Australia has said it will examine newly discovered debris to determine if it is part of the missing airplane. Recent discoveries have shed new light on the mysterious disappearance of MH370.
Australian Transport Minister Darren Chester confirmed on Sunday that Malaysia was working with the government of Mauritius to determine if debris found on the Indian Ocean island is indeed part of the missing aircraft.
The Malaysia Airlines-operated flight caused a sensation around the world when it seemingly vanished without a trace in March 2014, taking all 239 people on board with it.
Since then, Australia has been working closely with the Malaysian government to determine the missing plane's whereabouts. In 2015, a part of the plane washed up on the island of Reunion in the Indian Ocean, and last month Australia determined that debris found in Mozambique (pictured) was "almost certainly from MH370."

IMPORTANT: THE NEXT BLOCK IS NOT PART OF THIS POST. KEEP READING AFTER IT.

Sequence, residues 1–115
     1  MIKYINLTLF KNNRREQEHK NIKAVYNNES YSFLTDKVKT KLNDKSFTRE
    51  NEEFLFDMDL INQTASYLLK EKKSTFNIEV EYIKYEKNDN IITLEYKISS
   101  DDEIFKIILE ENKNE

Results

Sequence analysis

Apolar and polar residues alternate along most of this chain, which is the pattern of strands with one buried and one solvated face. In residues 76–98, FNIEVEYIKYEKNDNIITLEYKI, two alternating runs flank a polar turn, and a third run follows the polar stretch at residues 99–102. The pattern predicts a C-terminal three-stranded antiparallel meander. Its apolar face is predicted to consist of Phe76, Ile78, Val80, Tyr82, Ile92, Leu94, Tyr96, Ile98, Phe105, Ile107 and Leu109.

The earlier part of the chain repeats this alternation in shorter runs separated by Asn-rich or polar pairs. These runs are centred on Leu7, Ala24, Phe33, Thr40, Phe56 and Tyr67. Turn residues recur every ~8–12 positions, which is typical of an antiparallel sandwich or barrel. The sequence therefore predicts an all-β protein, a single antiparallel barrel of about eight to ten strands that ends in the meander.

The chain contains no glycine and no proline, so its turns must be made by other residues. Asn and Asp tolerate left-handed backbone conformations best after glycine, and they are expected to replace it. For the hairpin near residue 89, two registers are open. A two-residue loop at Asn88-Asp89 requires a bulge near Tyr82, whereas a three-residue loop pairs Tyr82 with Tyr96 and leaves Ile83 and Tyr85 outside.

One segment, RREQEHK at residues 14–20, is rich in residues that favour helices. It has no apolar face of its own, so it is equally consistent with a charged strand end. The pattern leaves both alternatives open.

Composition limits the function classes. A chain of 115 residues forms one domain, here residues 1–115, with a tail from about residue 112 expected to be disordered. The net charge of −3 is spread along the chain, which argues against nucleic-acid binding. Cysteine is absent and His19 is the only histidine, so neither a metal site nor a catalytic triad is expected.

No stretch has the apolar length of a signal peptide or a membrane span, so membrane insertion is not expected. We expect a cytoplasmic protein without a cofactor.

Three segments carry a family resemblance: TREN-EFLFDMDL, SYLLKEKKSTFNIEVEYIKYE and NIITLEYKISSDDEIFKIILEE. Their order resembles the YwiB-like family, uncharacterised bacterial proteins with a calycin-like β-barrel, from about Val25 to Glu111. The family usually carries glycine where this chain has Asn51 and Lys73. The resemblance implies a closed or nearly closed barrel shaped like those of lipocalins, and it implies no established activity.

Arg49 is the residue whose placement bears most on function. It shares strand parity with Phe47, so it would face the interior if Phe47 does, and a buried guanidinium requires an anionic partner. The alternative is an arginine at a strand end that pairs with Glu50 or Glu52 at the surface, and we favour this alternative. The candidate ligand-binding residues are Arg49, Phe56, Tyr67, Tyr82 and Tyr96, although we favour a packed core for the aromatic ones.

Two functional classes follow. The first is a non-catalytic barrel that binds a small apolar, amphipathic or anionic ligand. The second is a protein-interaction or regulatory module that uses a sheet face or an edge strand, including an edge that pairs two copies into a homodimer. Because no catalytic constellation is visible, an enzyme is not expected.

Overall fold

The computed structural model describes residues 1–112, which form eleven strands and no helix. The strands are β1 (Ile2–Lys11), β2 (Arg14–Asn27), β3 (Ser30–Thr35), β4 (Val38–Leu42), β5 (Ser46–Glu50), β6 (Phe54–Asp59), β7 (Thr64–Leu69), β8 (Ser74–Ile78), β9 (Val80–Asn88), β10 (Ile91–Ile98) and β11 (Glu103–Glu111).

Too soon to tell
This latest suspected piece in the puzzle was discovered by a pair of tourists on the Mauritius island of Rodrigues. Chester, however, said it was too soon to draw any conclusions.
"This debris is an item of interest, however until the debris has been examined by experts it is not possible to ascertain its origin," he told reporters.
Australia, Malaysia and China are focusing their search on a 120,000 square kilometer (36,700 square mile) zone in the Indian Ocean. The countries have said they will cease their investigation when the whole area has been combed.
blc/jlw (Reuters, AFP)